|Category:||Interview - Magazine||Publish date:||8/1/2004|
|Source:||Seed Magazine (Summer 2004) (United States)||With:||Greg Graffin|
|Synopsis:||Greg Graffin leads punk-rock heroes Bad Religion and lectures on God, atheism, and evolution. He takes a break from touring to explain why Charles Darwin is just as punk as Sid Vicious.
Note: The second part of the interview is missing here.
Charles Darwin just as punk as Sid Vicious
Greg Graffin, leader of the punk band Bad Religion, explains how he came to work with Richard Dawkins and E.O. Wilson in an interview at Seed Magazine:
You’ve mentioned before that you’ve corresponded with luminaries in your field like E.O. Wilson, Richard Dawkins.
"Yeah, I met Richard Dawkins at his house in Oxford specifically to talk about my PhD project on evolution and religion. He was very kind, and he admired a portion of my work that helped clarify evolutionists’ philosophical beliefs. Likewise, E. O. Wilson was involved in my PhD study—he clarified his own philosophical stance in my dissertation. Essentially, I wanted to round up the best minds of this generation, to see what the prevailing views about evolution and religion were— and all of them were quite divided about whether the two were compatible. Darwin was the original interpreter, and he believed there was no compatibility between the two; he could not see how one could get behind religion. So I chose to survey various opinions."
Do elements of those ideas and conversations ever slip into your music?
"Mostly, Dawkins’ and Wilson’s writings helped me form my evolutionary worldview—but they’re only a couple elements of my total evolutionary education. In addition to Dawkins, I met with Ernst Mayr, George C. Williams, John Maynard Smith, Richard Lewontin, and Tom Eisner. With such a privileged experience, it’s impossible to keep my music writing free of [their] ideas. Melding my experience in science with songwriting has helped Bad Religion remain viable and vital without becoming stale and boring, as any band of our age rightly should become!"
So the idea for the book you’re writing sprung from your dissertation: to reconcile the philosophical ties between evolution and religion.
I am not the first to identify those ties. Dawkins famously stated that Darwin allows us to be “intellectually fulfilled atheists.” I don’t believe I am inventing this idea of an atheistic religion based on evolution, but rather, like Dawkins, I hope to help focus people’s minds on a different plane and provoke them to see religion and evolution a bit differently. I hope to have it out in 2005.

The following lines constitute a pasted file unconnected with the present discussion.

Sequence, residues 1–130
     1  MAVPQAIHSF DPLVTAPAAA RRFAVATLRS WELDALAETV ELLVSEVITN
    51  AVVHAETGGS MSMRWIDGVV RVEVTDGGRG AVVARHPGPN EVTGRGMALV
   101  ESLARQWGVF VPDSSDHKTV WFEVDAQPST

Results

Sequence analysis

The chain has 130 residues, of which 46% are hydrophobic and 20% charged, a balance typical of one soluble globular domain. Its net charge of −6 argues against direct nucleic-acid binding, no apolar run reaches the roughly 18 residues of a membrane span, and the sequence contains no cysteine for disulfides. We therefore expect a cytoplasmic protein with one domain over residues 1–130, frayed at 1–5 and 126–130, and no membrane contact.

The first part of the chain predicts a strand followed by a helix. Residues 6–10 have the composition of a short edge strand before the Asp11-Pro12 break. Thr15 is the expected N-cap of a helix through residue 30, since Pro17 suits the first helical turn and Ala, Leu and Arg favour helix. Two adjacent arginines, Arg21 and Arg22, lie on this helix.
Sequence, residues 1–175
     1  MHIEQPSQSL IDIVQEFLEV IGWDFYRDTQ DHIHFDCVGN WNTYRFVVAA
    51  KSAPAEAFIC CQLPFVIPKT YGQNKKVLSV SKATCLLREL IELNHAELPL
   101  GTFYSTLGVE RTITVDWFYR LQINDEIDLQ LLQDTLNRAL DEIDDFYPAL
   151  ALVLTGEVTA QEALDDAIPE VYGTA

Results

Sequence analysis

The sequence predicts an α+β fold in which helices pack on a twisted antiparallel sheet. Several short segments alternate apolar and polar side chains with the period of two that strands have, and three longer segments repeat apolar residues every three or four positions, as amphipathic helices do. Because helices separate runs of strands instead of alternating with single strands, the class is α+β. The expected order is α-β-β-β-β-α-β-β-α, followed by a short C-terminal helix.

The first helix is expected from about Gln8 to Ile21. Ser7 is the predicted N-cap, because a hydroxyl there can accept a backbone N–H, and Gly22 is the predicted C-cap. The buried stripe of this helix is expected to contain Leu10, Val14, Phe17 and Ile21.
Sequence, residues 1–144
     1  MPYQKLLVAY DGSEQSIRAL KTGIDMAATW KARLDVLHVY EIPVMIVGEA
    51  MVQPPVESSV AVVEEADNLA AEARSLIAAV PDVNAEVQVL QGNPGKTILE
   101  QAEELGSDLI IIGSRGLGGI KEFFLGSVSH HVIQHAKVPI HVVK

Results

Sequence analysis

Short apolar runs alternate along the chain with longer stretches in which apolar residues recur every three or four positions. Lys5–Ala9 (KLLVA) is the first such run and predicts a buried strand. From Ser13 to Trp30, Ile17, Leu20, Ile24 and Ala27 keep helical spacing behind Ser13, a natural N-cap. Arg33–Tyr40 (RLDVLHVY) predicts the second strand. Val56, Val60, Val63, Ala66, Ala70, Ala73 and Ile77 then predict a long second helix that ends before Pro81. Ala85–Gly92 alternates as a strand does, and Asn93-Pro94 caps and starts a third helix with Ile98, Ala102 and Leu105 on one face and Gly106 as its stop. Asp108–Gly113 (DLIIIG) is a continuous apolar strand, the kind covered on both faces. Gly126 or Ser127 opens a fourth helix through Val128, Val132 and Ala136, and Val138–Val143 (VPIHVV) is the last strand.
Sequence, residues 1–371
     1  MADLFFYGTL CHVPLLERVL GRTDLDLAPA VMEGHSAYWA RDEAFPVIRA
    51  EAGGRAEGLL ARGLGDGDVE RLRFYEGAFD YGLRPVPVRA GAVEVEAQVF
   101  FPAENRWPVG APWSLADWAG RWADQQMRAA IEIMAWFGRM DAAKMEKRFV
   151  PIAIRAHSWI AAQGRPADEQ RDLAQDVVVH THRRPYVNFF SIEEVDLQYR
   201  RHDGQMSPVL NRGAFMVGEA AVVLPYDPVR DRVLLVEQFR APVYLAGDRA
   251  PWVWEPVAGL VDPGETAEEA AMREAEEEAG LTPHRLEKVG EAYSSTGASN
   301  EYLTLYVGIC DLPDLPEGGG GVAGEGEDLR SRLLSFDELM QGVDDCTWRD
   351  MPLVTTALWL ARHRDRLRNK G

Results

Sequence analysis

How will you approach your topic differently than everyone before you?
I think I’ll turn this polemic toward an even more popular audience. I mean, Dawkins is one of the best-selling science writers of all time, and if I could even remotely approach that, I would feel honored. I do have one thing going for me: hundreds of thousands of BR fans. I’d like to show them how their worldview might fit into an evolutionary worldview, and I’d like to take those scientists indoctrinated in evolution and show how their views approach religious views. By and large, this question hasn’t been reconciled, because they don’t want to start a war. There is a culture of politeness, and that’s something I don’t think should stand. These are the coals that I want to stoke.
How will you translate those ideas for the average punk-rock fan?
On our new album, The Empire Strikes First, we have a song that states there is “no justice, just a cause and a cure and a bounty of suffering it seems we all endure”—which is, I think, an evolutionary worldview. This is an example of how complicated scientific concepts can be expressed in verse and can resonate with punkers even if they haven’t had evolutionary training.
Is there a connection between science audiences and punk audiences?
Every year in the mid ’90s, hecklers shouted, “Play your early good stuff!” They weren’t interested at all in the new songs. Addressing a skeptical audience at a lecture is the same—they don’t really have much faith in you until you can provide them with something they haven’t already thought about, and in certain [... the rest of the interview is missing...]
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